Controversy always exists and it’s a part of life. Obstacles always exist in everything we do. The question is how to handle the controversies and obstacles and understand what the motivations of the people/person creating the controversy are.
Manik : How have the events witnessed in your professional career affected your personality?
It sounds romantic to travel the world but the reality is that you must be emotionally self reliant. I look back on experiences I had and now wonder how I got through them. They were sometimes unimaginable, often lonely and occasionally utterly terrifying. On the other hand, the people and experiences changed my life, showed me all the possibilities that exist and inspired me to continue. My take away from all these experiences is that we can not afford to view the world through an optic of fear and hate. As journalists, we must work harder not to tell stories through our own paradigm of values. Unless we have empathy for those who have a different viewpoint than our own, than we justify the existing divisions in our world.
Manik : What do you think can be done to promote photography among Kashmiri communities that lack proper guidance, platforms for exposure or even something as basic as the Internet?
They must first help one another. By unifying and passing along the knowledge, they will all benefit greatly. Secondly, rather than trying to emulate the same things they see as being successful, they need to find their own voices and vision. I see the same stories out of Kashmir and there are plenty of other stories. Some photographers have been fantastic and looking for new ways to portray the region but for
the most part, it’s a similar vision. So the biggest issue in my opinion is to start looking at life with a new lens. Lastly, I think platforms such as the one you want to create will give them greater exposure. They can also do more to grab the opportunities that are out there for all photographers. I would look at examples like Shahidul Alam and Drik and the elder journalists could create a model much like his school and agency.
Manik : Do you think video will make storytelling through still photography obsolete?
The medium we work in is changing and video is now playing a much bigger role in what we do. Cameras like the one I carry can shoot HD video and it can enhance our abilities as storytellers. This is already playing a big role in my future. In a time when media is struggling and searching for a new path, I’m
finding that I am busier than ever telling meaningful stories in new ways for a variety of outlets. I went back to school to study film and believe it’s an exciting time to be a photographer. Having the tools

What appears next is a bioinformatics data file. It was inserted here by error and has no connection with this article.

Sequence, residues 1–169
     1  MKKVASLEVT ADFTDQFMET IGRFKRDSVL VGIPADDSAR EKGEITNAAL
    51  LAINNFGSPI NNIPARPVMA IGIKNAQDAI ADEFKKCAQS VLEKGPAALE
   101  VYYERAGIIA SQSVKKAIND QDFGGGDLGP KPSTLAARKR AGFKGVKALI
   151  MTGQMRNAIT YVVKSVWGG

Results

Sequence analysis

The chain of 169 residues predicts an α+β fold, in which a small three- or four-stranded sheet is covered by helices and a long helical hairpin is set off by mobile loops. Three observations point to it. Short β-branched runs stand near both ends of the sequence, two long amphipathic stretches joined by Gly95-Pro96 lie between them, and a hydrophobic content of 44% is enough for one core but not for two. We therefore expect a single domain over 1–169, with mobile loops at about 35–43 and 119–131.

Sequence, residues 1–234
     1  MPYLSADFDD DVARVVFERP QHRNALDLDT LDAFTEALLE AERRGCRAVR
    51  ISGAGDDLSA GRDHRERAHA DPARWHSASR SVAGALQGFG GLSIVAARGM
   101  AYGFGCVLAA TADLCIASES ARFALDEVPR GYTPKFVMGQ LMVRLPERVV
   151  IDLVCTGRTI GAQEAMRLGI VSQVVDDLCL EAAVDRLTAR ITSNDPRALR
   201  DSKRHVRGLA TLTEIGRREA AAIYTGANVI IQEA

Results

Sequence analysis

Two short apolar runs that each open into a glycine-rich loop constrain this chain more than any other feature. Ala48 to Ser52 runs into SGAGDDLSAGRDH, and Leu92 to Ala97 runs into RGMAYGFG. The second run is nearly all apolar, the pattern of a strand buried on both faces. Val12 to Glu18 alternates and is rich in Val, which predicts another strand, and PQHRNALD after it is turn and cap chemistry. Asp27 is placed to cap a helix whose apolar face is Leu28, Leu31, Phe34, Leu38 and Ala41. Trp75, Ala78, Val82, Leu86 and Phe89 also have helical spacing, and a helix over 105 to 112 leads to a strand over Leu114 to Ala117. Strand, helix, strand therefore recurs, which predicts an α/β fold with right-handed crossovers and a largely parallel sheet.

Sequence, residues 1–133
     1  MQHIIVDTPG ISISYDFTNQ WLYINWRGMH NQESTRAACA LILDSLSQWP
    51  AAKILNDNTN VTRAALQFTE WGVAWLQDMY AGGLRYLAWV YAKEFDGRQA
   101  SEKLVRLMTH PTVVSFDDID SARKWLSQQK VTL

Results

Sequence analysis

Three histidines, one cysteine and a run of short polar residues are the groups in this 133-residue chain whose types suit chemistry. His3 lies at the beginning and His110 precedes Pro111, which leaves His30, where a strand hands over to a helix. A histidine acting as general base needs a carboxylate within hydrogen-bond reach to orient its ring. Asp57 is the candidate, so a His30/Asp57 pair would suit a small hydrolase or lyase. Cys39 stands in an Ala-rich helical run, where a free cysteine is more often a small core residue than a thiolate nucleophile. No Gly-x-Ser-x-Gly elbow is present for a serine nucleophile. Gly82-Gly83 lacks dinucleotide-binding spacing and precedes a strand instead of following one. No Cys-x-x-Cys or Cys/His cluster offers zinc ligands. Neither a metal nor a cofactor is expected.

and this skill can create more opportunity for all of us. The old models of business are in crisis, but opportunities lie ahead. We must redefine ourselves as technologies create more opportunities.
‘‘MIRHAMA, KASHMIR – SEPT. 21: Relatives of Naz Banu, who was killed during an attack on leading politician Sakina Yatoo, mourn over her body during her funeral in the northern Kashmir town of Mirhama, Saturday, Sept. 21, 2002. At least 11 people were killed and a second abortive bid was made to assassinate a leading woman politician Saturday, just days before a crucial second round of polls in the strife-torn northern Indian state of Jammu-Kashmir. (Photo by Ami Vitale/Getty Images)’ ‘
Manik : What are the key elements that Ripple Effect Images is working on?
For quite some time, my work has focused on environmental issues. The funny part is, very little of what I photograph is nature or landscape. Stories about the land are always stories about people. You cannot talk about one without the other. If recent storms and natural disasters tell us anything, it is that we are inextricably linked to the forces of nature. Climate change does impact us; no one is immune to it. Two
years ago, I made a film about climate change in Bangladesh. I’ve seen firsthand, how women in developing countries bear the greatest burden as a result of these climatic shifts. For example, they must walk farther for water (some women walk up to 11 hours a day for poor quality water) or they must stay behind and care for their children when floods force the men to move and seek better resources.
I am thrilled to be working with the amazing group of people that make up Ripple Effects Images. Ripple Effects is a group of journalists dedicated to the mission of raising awareness and funding to help empower women and girls in emerging nations around the world. The organization works with NGOs, ambassadors, corporate leaders, and the State Department to document and support projects that help women help their families, communities, and the planet. Ripple Effects recognises that programs that give women the tools to affect change are some of the most effective programs, because women reinvest those resources and share them with others.
Photography Interviewed by: Manik Katyal and Sujanya Das
Pictures by: Ami Vitale